1,2-Dichloropropane is a chemical intermediate widely used in the production of tetrachloroethylene and carbon tetrachloride. It is an oil and fat solvent in certain furniture finishes, dry cleaning fluids, and paint removers and has been used to fumigate grain and soil and to control peach tree borers. Approximately 77 million pounds of 1,2-dichloropropane were produced in the United States in 1980. The current 8-hour time-weighted-average concentration to which workers may be exposed to is 75 ppm.
Carcinogenesis studies of 1,2-dichloropropane (>99% pure) were conducted by administering the chemical in corn oil by gavage to groups of 50 female F344/N rats and 50 male and 50 female B6C3F1 mice at doses of 125 or 250 mg/kg body weight and to groups of 50 male F344/N rats at doses of 62 or 125 mg/kg body weight. Doses were administered five times per week for 103 weeks. Vehicle control groups of 50 rats and 50 mice of each sex received an equivalent amount of corn oil by gavage on the same dosing schedule.
Survival was reduced for high dose female rats (P<0.001) and for high dose female mice (P<0.05) relative to controls; 16/50 high dose female rats and 26/50 high dose female mice survived to the end of the experiment. Survival in the other groups was comparable to the control groups. In female mice, ovarian, uterine, or multiple organ infections may have contributed to the deaths of 5/11 vehicle control, 9/14 low dose, and 14/22 high dose animals that died before the end of the study. There was no evidence of an adverse effect on survival in male rats or in male mice.
Mean body weights of high dose male (-14%) and high dose female (-24%) rats were lower than those of the controls. Low dose rats and all groups of mice had mean body weights comparable to the controls.
High dose female rats had increased incidences of both clear-cell changes and necrosis of the liver; but there was no increase in the incidence of liver tumors in the female rats. There was no treatment-related effects observed in the male rats, other than decreased body weights.
Dose-related increases were observed for adenomas of the liver in both male (control, 7/50; low dose, 10/50; high dose 17/50) and female (1/50, 5/50, 5/50) mice. The increase in the frequency of liver carcinomas supported the evidence that there was a neoplastic response in the mouse liver for both sexes (males: 11/50, 17/50, 16/50, females: 1/50, 3/50, 4/50). Hepatocytomegaly and hepatic necrosis were increased in male mice, but not in female mice.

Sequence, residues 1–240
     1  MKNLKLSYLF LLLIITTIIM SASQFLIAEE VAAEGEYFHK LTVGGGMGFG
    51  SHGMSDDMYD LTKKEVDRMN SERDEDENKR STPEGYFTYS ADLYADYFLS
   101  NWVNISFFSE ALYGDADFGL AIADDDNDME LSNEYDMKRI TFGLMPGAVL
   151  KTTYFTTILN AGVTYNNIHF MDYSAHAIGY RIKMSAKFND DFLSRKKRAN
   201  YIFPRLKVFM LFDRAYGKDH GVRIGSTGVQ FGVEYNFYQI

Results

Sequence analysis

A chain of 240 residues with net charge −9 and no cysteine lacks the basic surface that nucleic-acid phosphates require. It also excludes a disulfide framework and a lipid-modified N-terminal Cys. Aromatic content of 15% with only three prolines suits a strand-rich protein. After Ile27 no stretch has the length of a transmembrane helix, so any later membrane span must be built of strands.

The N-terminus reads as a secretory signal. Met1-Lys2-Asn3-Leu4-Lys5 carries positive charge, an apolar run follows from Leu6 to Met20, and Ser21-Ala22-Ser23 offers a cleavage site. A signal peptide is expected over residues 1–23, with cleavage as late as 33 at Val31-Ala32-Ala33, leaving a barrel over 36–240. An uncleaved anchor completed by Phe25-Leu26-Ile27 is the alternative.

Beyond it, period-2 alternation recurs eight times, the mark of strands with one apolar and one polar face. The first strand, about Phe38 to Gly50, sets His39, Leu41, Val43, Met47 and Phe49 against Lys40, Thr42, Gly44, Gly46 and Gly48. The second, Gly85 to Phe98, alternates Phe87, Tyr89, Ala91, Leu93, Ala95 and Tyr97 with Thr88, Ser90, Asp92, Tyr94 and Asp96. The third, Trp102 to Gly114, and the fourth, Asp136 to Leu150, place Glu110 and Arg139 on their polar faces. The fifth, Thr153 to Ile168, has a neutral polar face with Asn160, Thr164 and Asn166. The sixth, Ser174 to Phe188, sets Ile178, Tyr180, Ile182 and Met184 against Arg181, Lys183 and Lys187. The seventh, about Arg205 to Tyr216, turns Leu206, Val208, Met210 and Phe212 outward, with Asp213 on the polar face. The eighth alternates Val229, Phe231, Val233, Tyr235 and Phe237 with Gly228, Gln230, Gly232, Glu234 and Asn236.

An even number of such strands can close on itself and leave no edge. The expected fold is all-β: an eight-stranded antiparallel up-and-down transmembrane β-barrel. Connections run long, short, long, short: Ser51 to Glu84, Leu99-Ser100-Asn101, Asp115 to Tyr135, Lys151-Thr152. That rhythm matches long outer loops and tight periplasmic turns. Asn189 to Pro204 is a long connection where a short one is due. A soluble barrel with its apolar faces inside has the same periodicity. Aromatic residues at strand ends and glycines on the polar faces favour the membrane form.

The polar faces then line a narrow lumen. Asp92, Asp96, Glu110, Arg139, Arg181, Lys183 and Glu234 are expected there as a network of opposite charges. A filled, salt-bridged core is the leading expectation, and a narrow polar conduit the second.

A dose related increase in adenocarcinomas of the mammary gland was observed in female rats (control, 1/50; low dose, 2/50; high dose, 5/50) with the majority of these tumors being found at the end of the study (1/37, 3%; 2/43, 5%; 4/16, 25%). The incidence of mammary adenocarcinomas was increased when compared to the historical controls for this laboratory (3/150, 2.0%) and for all laboratories combined (11/895, 1.2%). Mammary fibroadenomas were decreased in the high dose treated female rats (15/50, 20/50, 7/50).
The mutagenic activity of 1,2-dichloropropane was marginal. The compound was tested in strains TA100, TA98, TA1537, and TA1535 of Salmonella typhimurium in the presence or absence of S9 and no clearly positive response was obtained. Chromosomal aberration and sister chromatid exchange data showed that 1,2-dichloropropane caused increases in both in the absence or presence of S9.
Under the conditions of these 2-year gavage studies, there was no evidence of carcinogenicity for male F344/N rats receiving 62 or 125 mg/kg. For female rats there was equivocal evidence of carcinogenicity in that 250 mg/kg 1,2-dichloropropane caused a marginally increased incidence of adenocarcinomas in the mammary gland; these borderline malignant lesions occurred concurrent with decreased survival and reduced body weight gain. There was some evidence of carcinogenicity for male and female B6C3F1 mice exposed to 1,2-dichloropropane, as indicated by increased incidences of hepatocellular neoplasms, primarily adenomas.